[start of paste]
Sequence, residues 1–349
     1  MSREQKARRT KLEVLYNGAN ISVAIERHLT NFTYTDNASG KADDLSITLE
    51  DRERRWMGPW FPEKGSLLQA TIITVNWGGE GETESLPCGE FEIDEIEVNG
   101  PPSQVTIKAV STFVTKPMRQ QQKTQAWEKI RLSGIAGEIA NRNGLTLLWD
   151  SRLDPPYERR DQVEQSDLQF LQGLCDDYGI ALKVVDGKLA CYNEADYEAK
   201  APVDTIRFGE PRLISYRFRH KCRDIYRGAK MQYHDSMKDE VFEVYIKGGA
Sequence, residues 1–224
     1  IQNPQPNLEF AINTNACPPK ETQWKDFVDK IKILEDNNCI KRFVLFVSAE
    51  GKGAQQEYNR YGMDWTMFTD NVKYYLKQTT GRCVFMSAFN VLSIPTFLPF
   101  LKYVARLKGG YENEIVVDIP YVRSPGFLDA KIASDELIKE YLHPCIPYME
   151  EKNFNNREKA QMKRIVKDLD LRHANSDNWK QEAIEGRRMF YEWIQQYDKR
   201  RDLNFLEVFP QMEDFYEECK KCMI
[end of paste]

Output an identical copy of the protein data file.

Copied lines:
Sequence, residues 1–349
     1  MSREQKARRT KLEVLYNGAN ISVAIERHLT NFTYTDNASG KADDLSITLE
    51  DRERRWMGPW FPEKGSLLQA TIITVNWGGE GETESLPCGE FEIDEIEVNG
   101  PPSQVTIKAV STFVTKPMRQ QQKTQAWEKI RLSGIAGEIA NRNGLTLLWD
   151  SRLDPPYERR DQVEQSDLQF LQGLCDDYGI ALKVVDGKLA CYNEADYEAK
   201  APVDTIRFGE PRLISYRFRH KCRDIYRGAK MQYHDSMKDE VFEVYIKGGA
Sequence, residues 1–224
     1  IQNPQPNLEF AINTNACPPK ETQWKDFVDK IKILEDNNCI KRFVLFVSAE
    51  GKGAQQEYNR YGMDWTMFTD NVKYYLKQTT GRCVFMSAFN VLSIPTFLPF
   101  LKYVARLKGG YENEIVVDIP YVRSPGFLDA KIASDELIKE YLHPCIPYME
   151  EKNFNNREKA QMKRIVKDLD LRHANSDNWK QEAIEGRRMF YEWIQQYDKR
   201  RDLNFLEVFP QMEDFYEECK KCMI